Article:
This is from the Chron on the William-Paul Thomas bribery plea:
William-Paul Thomas, the mayor’s council liaison, was offered more than $13,000 by a local bar owner to help him pass a building inspection and fast-track a new permit to reopen a bar as a restaurant, newly unsealed court documents show.
Thomas contacted the “relevant” fire official to ensure the unnamed business owner passed the inspection in May 2020, prosecutors wrote, and then he used his position in the mayor’s office to “pressure other officials” to approve the permit in July, as well. He was paid an undisclosed amount of money for his efforts.
It is unclear whether federal investigators are looking into the unnamed city officials Thomas allegedly worked with to get the certificate and permit approved, or if they are conducting a broader inquiry into City Hall affairs.
Sean Buckley, an legal expert on federal judicial procedures, said Thomas’ quick guilty plea and his willingness to forgo a probable cause hearing before a grand jury means he likely agreed they had strong information against him. It also suggests Thomas may be part of a wider investigation by the Justice Department.
Buckley, a federal defense lawyer who represented former U.S. Congressman Steve Stockman and authored a book on federal criminal rules and codes used by trial attorneys across the country, reviewed the court documents at the request of the Houston Chronicle. He is not involved in the case.
“He’s obviously cooperating because no one who is a target in a federal investigation would ever agree to plea to a criminal information unless there have been extensive discussions between the target, his lawyer and the government leading up to that decision,” Buckley said.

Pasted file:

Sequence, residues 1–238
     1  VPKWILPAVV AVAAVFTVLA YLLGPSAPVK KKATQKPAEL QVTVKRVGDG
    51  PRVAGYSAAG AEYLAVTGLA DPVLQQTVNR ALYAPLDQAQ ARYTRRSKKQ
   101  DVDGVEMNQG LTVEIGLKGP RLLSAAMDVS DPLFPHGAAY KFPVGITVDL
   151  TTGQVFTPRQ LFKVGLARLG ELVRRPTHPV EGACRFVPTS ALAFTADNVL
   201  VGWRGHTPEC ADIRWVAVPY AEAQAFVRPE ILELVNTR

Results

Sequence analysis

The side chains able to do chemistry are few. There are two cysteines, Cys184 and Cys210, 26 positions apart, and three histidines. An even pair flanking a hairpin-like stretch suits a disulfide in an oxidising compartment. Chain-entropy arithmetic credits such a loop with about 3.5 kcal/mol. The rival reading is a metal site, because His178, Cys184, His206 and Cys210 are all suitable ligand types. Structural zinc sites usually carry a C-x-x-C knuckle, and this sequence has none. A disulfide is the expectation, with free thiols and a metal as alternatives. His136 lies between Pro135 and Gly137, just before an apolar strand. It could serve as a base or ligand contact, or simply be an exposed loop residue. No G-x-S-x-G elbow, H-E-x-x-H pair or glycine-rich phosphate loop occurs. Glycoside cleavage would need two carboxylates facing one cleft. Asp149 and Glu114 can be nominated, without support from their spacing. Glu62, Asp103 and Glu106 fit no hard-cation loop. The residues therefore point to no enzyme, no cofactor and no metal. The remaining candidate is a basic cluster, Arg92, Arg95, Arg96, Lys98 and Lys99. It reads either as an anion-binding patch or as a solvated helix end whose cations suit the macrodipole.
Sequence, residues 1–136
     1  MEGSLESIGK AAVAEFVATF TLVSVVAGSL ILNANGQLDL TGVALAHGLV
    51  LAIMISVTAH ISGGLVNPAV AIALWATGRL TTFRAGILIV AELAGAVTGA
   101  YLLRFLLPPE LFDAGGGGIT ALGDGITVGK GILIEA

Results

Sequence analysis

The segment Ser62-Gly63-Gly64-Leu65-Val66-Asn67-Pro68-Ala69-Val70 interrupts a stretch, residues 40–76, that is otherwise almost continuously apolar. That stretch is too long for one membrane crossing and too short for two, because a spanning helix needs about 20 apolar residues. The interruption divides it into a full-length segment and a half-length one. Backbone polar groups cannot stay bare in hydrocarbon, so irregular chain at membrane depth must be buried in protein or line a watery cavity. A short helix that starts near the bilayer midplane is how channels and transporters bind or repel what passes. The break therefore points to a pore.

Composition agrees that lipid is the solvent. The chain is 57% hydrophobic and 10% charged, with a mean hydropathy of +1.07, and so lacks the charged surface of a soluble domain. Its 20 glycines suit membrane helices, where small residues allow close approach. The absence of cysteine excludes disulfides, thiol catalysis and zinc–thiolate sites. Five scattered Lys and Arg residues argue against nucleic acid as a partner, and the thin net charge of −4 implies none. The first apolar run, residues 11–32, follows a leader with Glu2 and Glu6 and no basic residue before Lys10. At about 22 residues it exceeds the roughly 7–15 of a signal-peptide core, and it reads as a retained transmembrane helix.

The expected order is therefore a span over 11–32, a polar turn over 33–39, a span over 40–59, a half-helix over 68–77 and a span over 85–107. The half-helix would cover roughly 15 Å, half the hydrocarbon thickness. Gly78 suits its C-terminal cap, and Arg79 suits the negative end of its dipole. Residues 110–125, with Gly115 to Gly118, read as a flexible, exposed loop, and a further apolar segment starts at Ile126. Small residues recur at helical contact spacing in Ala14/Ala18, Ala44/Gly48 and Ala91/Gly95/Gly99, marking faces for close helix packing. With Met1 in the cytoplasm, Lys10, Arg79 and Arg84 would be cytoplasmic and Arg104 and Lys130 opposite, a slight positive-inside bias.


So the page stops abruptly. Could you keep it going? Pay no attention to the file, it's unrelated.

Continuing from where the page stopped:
“Either the government lawyers showed him what they had or he knew what they had. He knew he had everything to gain by cooperating and agreeing to plead guilty without forcing the government to get an indictment from the grand jury, and much to lose by not cooperating.”
Buckley said it also clear the investigation, by prosecutors from the public corruption unit, has been going on for months and there likely is a wider-ranging investigation underway involving multiple defendants.
“My read on this is that this person has something of value to the government,” Buckley said.
He said the documents also indicate “there is an environment in the city of Houston that allows this type of thing to take place.”
Evan Mintz tweeted this yesterday:
I don’t understand how someone can throw away their life and career for $13,000
How about for $100,000? $250,000? $1 million?
Nope! Not me. Folks will have a lot to say about Commentary when I am a goner, but crook won’t be one.
I don’t know what happened with William-Paul. Sometimes you stay in a key position too long and get intoxicated with power. Just saying.
Commentary doesn’t know much about running a newspaper. I am just a loyal subscriber to the Houston Chronicle. I believe in supporting local journalism. That being said, the Chron now have four writers covering the grub scene. Alison Cook is the restaurant critic. Greg Morago is the food editor. John-Henry Perera is the food writer. Welcome to H-Town Chron restaurant columnist, Bao Ong.